Padma Purana (Great Epics of India: Puranas Book 2)Translated by by Bibek Debroy, Dipavali Debroy
Last time I had written about the Shiva Purana. This time I have decided to write about the Padma Purana. The Padma Purana comes second in the list of Puranas after the Brahma Purana. All 18 Mahapuranas share 4 lakh shlokas between them but they are not equal in length. The Padma Purana is the second longest Purana. It is fifty-five thousand couplets long, second only to the Skanda Purana which is eighty-one lakh couplets long. The shlokas in this Purana are divided into 5 sections. They are:
- Shrishti khanda
- Bhumi khanda
- Svarga khanda
- Patala khanda
- Uttara khanda
Each Purana is believed to be composed in a different kalpa. A kalpa is one of Brahma’s days. At the end of the kalpa the universe is destroyed and at night evil prevails. The next kalpa again starts with the creation of the Universe. The Padma Purana was composed in a kalpa known as the Padma kalpa. It is also agreed that the final form of the Puranas were composed between 300 A.D and 1000 A.D but the earlier sections of the Puranas could have been composed around 500 B.C. Bibek Debroy decides to describe the Bhumi khanda in his version of this Purana.
The Puranas have been recited by Lomaharshana on a request by some sages. I am going to tell you a story which I found very interesting.
One day during the Dvapara yuga there lived a petty and mean thief called Dandaka. He stole from Brahmans, lied, ate beef and drank wine. Dandaka once decided to steal from the temple of Vishnu. His feet were muddy so he wiped it on the threshold before coming in. This action of his had a very unexpected result. Dandaka entered the main chamber of the temple. He thought that the statue was not of use to him but there were other gold and silver objects in the room that he proceded to take. Some objects fell down and awoke some people. Dandaka ran but he stepped on a sleeping snake and died of snake bite. Yama’s servants came to take him to hell for his various crimes but Vishnu’s messengers stopped them. Vishnu’s messengers explained that when Dandaka had wiped his feet, the threshold was dirty. Some dust was brushed away when Dandaka wiped his feet. Due to this all his sins were forgiven and he was taken straight to Vishnuloka. Such are the effects of cleaning Vishnu’s temples.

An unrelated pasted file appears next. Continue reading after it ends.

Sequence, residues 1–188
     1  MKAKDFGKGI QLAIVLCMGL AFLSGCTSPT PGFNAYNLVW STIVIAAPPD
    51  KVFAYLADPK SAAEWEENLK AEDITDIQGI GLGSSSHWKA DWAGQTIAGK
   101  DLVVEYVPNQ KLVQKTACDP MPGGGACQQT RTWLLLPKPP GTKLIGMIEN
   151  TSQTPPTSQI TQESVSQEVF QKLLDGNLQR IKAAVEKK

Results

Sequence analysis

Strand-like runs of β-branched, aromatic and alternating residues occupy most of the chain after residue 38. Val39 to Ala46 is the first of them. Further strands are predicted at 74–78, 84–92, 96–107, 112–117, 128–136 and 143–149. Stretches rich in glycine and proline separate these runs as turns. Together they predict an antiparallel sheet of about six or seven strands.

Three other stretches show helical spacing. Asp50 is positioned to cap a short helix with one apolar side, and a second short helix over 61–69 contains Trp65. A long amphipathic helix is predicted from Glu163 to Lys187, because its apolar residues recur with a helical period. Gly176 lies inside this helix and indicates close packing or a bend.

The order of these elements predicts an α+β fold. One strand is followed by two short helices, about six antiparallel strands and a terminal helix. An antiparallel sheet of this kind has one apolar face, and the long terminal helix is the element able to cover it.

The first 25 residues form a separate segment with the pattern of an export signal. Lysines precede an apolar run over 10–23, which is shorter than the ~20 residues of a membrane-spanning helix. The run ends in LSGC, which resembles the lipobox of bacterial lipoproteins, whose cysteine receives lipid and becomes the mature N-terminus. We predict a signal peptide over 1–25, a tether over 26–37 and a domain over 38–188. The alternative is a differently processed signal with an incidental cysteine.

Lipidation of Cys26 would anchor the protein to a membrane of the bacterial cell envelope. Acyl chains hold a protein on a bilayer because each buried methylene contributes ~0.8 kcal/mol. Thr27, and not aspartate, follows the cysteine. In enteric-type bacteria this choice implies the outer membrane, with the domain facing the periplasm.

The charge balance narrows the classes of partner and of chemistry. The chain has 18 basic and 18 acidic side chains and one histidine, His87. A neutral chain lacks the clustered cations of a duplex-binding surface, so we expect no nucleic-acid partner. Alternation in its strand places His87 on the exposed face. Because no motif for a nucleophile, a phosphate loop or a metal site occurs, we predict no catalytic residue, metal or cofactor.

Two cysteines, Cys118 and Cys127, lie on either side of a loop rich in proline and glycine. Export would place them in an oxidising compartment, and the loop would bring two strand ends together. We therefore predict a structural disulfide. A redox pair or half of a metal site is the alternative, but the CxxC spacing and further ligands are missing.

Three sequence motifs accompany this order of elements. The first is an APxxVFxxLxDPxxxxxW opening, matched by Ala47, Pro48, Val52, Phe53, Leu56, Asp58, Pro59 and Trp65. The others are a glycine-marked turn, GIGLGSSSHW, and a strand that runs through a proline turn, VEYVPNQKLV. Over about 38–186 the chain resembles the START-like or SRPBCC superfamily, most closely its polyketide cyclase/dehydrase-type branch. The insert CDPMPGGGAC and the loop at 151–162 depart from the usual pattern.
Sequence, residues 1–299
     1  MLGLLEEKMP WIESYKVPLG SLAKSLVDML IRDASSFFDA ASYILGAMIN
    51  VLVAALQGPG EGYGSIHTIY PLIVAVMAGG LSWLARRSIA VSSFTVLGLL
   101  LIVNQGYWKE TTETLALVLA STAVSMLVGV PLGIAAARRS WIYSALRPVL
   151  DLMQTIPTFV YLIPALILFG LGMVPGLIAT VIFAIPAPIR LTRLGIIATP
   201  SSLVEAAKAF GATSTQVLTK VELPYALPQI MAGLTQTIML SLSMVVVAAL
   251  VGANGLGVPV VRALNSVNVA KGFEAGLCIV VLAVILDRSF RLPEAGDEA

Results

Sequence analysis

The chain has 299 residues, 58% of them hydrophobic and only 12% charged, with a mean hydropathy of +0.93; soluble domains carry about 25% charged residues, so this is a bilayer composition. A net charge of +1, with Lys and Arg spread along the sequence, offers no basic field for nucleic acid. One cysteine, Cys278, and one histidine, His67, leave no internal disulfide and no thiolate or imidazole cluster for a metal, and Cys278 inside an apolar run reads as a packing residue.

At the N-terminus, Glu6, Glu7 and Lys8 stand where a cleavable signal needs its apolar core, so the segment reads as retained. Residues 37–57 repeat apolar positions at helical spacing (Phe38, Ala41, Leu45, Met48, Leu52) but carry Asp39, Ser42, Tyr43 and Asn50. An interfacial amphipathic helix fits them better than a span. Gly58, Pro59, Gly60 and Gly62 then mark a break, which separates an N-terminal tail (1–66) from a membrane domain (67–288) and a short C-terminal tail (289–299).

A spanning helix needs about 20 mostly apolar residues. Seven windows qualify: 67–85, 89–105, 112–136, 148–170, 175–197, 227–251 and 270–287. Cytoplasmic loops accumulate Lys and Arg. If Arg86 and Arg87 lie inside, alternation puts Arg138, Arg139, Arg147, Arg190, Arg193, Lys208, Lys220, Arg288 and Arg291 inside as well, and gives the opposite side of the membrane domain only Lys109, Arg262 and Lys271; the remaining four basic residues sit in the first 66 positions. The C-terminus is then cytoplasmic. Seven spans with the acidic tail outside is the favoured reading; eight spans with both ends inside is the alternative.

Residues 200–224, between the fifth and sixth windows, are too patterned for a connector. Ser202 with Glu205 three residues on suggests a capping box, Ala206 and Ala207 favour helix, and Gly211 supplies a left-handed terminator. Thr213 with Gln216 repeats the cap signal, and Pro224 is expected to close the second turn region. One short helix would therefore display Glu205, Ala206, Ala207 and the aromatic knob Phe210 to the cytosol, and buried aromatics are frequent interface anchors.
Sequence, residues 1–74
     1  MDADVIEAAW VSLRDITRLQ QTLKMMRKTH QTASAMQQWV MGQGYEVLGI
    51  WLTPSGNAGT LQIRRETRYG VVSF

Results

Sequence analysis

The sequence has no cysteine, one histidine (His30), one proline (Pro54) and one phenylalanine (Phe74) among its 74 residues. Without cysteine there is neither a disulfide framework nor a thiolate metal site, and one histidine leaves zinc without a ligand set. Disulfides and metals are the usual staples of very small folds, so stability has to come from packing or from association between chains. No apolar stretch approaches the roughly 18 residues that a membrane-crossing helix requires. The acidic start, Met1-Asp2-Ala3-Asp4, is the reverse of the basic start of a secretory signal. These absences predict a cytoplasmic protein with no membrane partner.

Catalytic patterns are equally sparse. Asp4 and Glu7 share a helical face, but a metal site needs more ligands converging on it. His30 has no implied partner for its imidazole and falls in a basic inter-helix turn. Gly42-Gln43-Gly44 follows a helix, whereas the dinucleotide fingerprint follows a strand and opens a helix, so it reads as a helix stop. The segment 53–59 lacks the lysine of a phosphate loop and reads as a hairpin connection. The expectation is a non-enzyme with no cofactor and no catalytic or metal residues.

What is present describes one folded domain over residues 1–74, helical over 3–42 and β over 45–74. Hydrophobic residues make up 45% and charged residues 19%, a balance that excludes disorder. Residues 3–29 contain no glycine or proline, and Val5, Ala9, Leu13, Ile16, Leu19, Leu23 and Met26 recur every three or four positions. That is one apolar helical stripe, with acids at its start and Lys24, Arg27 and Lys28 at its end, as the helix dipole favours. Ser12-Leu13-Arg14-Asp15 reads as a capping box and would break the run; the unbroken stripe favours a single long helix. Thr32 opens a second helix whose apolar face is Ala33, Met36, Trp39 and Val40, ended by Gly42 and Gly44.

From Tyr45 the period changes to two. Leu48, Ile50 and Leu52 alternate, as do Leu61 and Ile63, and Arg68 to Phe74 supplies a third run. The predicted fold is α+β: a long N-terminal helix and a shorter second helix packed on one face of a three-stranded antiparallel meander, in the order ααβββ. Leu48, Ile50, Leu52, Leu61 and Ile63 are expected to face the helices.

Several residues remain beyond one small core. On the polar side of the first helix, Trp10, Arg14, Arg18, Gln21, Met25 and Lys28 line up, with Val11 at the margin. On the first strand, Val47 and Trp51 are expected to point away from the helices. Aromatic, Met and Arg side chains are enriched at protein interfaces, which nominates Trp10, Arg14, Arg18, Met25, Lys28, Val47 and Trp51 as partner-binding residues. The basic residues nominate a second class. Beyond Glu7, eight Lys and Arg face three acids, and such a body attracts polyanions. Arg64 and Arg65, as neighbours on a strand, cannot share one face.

I really liked this story because it taught me a new fact and was very interesting.
Each of the Mahapuranas is connected with a part of Vishnu’s body. They are as follows:
- Brahma Purana – The head
- Padma Purana – The heart
- Vishnu Purana – The right arm
- Shiva Purana – The left arm
- Bhagvata Purana – The thighs
- Narada Purana – The navel
- Markandeya Purana – The right foot
- Agni Purana – The left foot
- Bhavishya Purana – The right knee
- Brahmavaivarta Purana – The left knee
- Linga Purana – The right calf
- Varaha Puana – The left calf
- Skanda Purana – The body hair
- Vamana Purana – The skin
- Kurma Purana – The back
- Matsya Purana – The fat of the body
- Garuda Purana – The marrow
- Brahmanda Purana – The bones
If we hear the recital of one shloka from the Padma Purana all our sins that have been committed in a single day are washed away. We can obtain lot of punya by donating thousand cows but the same amount of punya can be obtained by hearing the recital of one chapter of the Padma Purana. An enormous amount of punya can be obtained by performing the asvamedha yagna but an equivalent amount of punya can be obtained by hearing the recital of the whole Padma Purana. It is better to hear the recital of texts than performing yagnas.
I enjoyed this Purana of Bibek Debroy’s also. He has used the same pattern and used simple and understandable English. This Purana had many interconnecting stories so you had to remember all the stories to understand the Purana.
I hope all the Puranas are like this and it has been really nice experience reading this Purana too.
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© 2017, Anika Agarwal. All rights reserved.